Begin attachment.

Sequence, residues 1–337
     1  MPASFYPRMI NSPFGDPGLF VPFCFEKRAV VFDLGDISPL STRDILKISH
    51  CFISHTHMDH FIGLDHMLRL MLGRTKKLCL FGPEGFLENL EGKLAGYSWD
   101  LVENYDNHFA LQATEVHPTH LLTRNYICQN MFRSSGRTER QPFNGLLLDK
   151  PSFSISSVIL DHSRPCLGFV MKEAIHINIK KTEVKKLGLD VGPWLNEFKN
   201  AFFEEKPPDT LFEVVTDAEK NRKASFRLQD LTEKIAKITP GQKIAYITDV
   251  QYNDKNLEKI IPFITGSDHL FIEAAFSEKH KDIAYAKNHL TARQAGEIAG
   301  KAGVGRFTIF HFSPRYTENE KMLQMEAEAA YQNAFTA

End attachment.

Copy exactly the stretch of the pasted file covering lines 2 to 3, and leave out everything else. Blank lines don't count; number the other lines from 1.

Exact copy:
     1  MPASFYPRMI NSPFGDPGLF VPFCFEKRAV VFDLGDISPL STRDILKISH
    51  CFISHTHMDH FIGLDHMLRL MLGRTKKLCL FGPEGFLENL EGKLAGYSWD